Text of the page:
She became the sole doctor for 1,244 patients spread over a massive territory of 1,350 square miles. House calls were arduous. Long portions of her 20-hour workdays were spent wrapped in a buffalo robe driving her buggy through blankets of snow and biting subzero winds with her mares, Pat and Pudge, her only companions. When she returned home, the woman known as “Dr. Sue” often found a line of wheezing and coughing patients awaiting her. La Flesche’s office hours never ended. While she slept, the lantern lit in her window remained a beacon for anyone in need of help.
La Flesche preached hygiene and prevention along with the healing power of fresh air and sunshine. She also spoke out against the white whiskey peddlers who preyed on the tribe members, continuing her father’s work as a passionate prohibitionist.
As difficult as it may have been to straddle two civilizations, La Flesche “managed to thread the delicate bicultural needle,” according to Starita. “Those with no trust of white doctors flocked to Susan,” he says. “The people trusted her because she spoke their language and knew their customs.”
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La Flesche again shattered stereotypes by continuing to work after her 1894 marriage to Henry Picotte, a Sioux from South Dakota, and the birth of their two boys at a time when women were expected to be full-time mothers and home makers. “If you are looking for someone who was ‘leaning in’ a century before that term was coined, you need look no further than Susan La Flesche,” Starita says. “She faced a constant struggle to serve her people and serve her husband and children. She was haunted that she was spreading herself so thin that she wasn’t the doctor, mother and wife she should be. The very fears haunting her as a woman in the closing years of the 19th century are those still haunting women in the opening years of the 21st century.”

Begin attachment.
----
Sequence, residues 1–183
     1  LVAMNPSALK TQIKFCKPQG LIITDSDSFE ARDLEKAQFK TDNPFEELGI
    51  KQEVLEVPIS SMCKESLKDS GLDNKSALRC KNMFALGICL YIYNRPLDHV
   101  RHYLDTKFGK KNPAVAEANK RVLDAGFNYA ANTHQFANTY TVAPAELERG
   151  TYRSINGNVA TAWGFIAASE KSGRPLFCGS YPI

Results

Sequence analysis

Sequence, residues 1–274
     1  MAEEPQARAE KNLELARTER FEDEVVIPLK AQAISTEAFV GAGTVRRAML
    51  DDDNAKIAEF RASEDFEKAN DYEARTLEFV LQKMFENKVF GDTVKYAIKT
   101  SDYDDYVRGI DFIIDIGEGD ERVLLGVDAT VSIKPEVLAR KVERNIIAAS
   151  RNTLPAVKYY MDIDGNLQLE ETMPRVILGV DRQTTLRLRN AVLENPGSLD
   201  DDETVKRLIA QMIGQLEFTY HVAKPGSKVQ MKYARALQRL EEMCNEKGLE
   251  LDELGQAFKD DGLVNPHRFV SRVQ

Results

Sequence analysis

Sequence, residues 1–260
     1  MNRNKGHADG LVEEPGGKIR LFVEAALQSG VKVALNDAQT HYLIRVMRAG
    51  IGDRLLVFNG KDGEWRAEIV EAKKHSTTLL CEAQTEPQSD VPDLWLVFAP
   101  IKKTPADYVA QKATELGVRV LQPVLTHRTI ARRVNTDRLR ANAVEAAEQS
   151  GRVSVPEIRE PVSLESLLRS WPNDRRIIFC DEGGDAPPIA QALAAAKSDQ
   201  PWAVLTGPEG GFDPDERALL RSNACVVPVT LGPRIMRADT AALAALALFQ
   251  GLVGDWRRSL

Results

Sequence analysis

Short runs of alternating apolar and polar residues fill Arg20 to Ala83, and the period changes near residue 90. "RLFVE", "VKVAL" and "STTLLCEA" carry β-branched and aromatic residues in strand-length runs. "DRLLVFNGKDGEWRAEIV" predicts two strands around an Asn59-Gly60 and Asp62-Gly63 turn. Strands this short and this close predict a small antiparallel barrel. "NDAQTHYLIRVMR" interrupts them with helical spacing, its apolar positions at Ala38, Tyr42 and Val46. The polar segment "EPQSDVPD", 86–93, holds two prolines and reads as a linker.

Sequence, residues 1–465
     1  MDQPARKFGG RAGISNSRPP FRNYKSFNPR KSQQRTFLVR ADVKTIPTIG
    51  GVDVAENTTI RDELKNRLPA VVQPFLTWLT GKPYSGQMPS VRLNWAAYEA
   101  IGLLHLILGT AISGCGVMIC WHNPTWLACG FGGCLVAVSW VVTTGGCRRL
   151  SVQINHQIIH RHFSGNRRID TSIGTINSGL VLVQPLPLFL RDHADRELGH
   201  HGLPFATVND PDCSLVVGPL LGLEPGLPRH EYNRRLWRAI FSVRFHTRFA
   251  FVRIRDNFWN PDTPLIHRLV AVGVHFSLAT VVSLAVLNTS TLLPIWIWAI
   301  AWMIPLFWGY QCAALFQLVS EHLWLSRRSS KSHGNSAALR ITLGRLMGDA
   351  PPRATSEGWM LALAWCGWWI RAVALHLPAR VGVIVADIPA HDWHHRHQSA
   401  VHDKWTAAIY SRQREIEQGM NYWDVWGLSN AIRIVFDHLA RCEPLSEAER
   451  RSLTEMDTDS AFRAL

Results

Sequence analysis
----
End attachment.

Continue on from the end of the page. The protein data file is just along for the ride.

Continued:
The evils of alcohol that La Flesche railed against came into her home as her husband struggled with the bottle. He contracted tuberculosis, exacerbated by his alcoholism, and died in 1905, leaving La Flesche a widow with two small boys. By this point, the physician needed some healing herself, as her long hours led to chronic pain and respiratory issues. She pressed on, however, and in 1913 opened a hospital near Walthill, Nebraska, the first such facility to be built on reservation land without any support from the federal government. Her hospital was open to anyone who was ill—no matter their age, gender or skin color.
Starita believes that La Flesche, who passed away at the age of 50 on September 18, 1915, faced greater discrimination as a woman than as a Native American. “When I got into the research, I was stunned by how deeply entrenched gender bias was in the Victorian era. White women were largely expected to just raise children and maintain a safe Christian home. One can only imagine where that bar was set for a Native American woman.”